One of Scotland’s most controversial road developments could be stopped in its tracks by a few colonies of roosting bats, wasting £51 million of taxpayers’ money, say campaigners.

Soprano, pipistrelle and brown long-eared bats have been discovered in the International School of Aberdeen, which is set to be demolished to make way for the new Aberdeen bypass.

The bats are protected under European law, making it illegal to destroy their roosts unless suitable alternatives are provided for them nearby. According to experts that means it will be “impossible” to knock down the school.

A decision by the Scottish Government on whether or not to give the Aberdeen Western Peripheral Route the green light is overdue. Ministers have been considering a secret report from last year’s public inquiry since July.

But the Government has already promised to pay £51m to help the international school relocate. This will turn out to be a colossal waste of money because of the bats, according to the local group Road Sense, which is opposed to the Aberdeen bypass.

“As the law stands there is no possibility that the existing school could be demolished,” said Nigel Astell, an environmental consultant who lives locally.

“European law forbids the demolition of buildings containing bat roosts, especially if there are alternatives available. Transport Scotland deliberately chose a route for the road that went straight through the existing school, even though other options were examined that could have avoided this.”

Under the law, it is a criminal offence to intentionally or recklessly disturb a bat in its roost, deliberately disturb a group of bats or damage or destroy a bat-roosting place.

Road Sense has lodged a formal complaint with the European Commission, alleging that the Scottish Government would be in breach of the law if the school is demolished. Sheona Warnock from Road Sense pointed out that the Government had also spent millions promoting the new road, despite the fact that it had not yet been approved. “What a disaster!” she said.

“It’s a black hole for money that could be better spent on improving public transport or public services. The project has been incredibly badly conceived, devised and managed from the start, and it is now looking very likely that it will not be able to go ahead.”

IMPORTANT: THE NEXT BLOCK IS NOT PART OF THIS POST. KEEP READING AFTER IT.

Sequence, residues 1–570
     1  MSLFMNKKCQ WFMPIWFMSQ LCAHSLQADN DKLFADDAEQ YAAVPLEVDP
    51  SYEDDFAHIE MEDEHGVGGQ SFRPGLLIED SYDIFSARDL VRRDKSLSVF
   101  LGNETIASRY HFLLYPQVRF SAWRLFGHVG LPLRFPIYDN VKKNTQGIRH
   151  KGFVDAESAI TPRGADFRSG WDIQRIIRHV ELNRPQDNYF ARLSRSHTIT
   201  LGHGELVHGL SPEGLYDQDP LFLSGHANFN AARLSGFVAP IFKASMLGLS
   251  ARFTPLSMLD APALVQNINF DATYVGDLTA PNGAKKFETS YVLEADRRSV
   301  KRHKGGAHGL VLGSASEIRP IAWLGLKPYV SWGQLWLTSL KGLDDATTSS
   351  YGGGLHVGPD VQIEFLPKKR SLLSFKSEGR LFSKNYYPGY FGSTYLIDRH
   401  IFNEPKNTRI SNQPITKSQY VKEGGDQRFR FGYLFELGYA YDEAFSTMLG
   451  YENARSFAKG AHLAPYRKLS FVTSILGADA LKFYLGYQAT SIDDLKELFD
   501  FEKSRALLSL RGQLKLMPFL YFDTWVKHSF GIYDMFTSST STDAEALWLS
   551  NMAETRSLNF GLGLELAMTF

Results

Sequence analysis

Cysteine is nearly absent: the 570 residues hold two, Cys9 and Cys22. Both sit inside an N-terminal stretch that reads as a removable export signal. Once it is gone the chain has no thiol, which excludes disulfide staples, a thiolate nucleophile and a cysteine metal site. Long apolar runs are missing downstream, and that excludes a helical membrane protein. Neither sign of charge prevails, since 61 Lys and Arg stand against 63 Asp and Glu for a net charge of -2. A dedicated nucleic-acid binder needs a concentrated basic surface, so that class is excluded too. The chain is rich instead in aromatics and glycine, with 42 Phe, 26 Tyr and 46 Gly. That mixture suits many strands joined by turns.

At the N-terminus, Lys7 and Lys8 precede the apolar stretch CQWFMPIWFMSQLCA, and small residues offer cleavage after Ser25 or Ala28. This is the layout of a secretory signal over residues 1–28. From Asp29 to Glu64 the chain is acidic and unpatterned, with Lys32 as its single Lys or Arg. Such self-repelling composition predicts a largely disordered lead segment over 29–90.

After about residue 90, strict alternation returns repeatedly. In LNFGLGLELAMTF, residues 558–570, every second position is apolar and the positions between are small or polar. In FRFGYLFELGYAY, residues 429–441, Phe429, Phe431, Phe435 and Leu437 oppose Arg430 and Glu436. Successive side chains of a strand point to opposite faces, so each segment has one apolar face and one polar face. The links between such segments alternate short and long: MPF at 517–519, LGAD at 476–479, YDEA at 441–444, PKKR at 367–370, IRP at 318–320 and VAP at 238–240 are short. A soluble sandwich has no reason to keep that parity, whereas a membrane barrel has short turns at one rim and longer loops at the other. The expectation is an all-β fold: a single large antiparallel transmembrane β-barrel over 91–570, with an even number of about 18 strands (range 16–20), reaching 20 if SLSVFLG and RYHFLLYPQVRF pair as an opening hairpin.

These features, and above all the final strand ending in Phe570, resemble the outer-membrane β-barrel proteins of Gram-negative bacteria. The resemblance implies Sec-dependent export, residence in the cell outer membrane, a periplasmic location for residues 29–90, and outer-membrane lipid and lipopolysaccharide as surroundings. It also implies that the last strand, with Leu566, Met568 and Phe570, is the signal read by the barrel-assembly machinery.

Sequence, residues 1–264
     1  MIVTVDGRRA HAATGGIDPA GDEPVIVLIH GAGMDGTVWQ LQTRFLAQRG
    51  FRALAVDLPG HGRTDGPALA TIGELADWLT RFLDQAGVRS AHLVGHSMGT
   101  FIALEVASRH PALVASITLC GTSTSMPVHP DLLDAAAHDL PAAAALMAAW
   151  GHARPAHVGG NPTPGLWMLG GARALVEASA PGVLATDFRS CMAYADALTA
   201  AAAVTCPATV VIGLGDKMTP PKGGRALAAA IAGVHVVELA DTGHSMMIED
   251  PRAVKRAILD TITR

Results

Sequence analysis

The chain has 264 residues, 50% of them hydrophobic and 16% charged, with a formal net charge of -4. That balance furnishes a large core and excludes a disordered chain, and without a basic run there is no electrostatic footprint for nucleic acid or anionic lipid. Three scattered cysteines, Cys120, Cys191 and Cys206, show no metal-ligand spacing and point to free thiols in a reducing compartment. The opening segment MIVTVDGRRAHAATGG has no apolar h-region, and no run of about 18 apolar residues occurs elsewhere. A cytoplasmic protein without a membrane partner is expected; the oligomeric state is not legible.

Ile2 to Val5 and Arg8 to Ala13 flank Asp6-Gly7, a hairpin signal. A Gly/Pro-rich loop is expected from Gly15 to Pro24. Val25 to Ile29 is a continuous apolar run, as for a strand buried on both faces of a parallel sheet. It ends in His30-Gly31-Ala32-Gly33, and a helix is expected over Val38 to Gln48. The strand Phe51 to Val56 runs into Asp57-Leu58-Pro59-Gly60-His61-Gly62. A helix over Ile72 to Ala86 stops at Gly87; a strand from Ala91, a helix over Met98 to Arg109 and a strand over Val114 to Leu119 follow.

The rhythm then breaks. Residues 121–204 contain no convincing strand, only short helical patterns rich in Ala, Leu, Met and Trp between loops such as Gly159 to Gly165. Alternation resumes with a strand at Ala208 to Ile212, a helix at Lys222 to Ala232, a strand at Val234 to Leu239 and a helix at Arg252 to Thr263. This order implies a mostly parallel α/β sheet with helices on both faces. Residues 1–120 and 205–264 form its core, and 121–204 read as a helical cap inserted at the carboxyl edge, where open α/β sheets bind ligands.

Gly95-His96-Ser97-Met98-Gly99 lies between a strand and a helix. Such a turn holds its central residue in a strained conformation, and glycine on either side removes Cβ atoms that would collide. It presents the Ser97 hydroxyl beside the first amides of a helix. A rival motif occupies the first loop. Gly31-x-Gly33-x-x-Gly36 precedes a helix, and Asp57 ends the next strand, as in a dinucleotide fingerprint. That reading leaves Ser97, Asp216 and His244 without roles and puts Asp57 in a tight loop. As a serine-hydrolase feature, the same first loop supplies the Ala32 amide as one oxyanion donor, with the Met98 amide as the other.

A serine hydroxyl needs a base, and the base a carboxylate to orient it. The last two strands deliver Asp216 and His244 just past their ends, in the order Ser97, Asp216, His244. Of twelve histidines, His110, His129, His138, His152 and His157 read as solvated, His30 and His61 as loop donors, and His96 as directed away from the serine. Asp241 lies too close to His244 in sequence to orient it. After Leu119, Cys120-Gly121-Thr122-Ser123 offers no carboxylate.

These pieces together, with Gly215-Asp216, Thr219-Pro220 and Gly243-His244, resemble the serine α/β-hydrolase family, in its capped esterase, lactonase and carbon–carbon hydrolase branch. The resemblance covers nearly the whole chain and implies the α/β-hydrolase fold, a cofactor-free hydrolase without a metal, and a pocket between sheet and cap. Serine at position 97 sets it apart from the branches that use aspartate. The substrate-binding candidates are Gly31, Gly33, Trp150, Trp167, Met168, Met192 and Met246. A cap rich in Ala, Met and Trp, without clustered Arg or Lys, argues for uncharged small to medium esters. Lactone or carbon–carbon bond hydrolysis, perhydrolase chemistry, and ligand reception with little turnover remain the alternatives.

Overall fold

The Government’s conservation agency, Scottish Natural Heritage (SNH), confirmed that protected species of bats had been found at the school.

“A licence to destroy the bat roosts through the demolition of the building will be required from the Scottish Government,” said an SNH spokesman.

“As part of the licence application a mitigation plan will be required to be produced which includes the provision of an alternative purpose-built roost building close to the site of the original buildings.”

Local campaigners were backed by the Green MSP Patrick Harvie, who condemned plans for the proposed bypass as “a very expensive series of cock-ups”.

He questioned whether it was right to spend public money on a project that had not yet been approved and called on ministers to abandon it.

“The road has been a bad idea from its inception and has always been designed to gain votes rather than solve the traffic and transport problems of the north east. If this administration or its predecessors were serious about these problems, the money would have been spent getting Aberdeen Crossrail up and running and supporting better bus services.”

A spokesman for the Scottish Government said: “The issue of bats and other protected species were considered as part of the public local inquiry.

“Ministers are considering the report and recommendations from the inquiry, and will respond in due course.”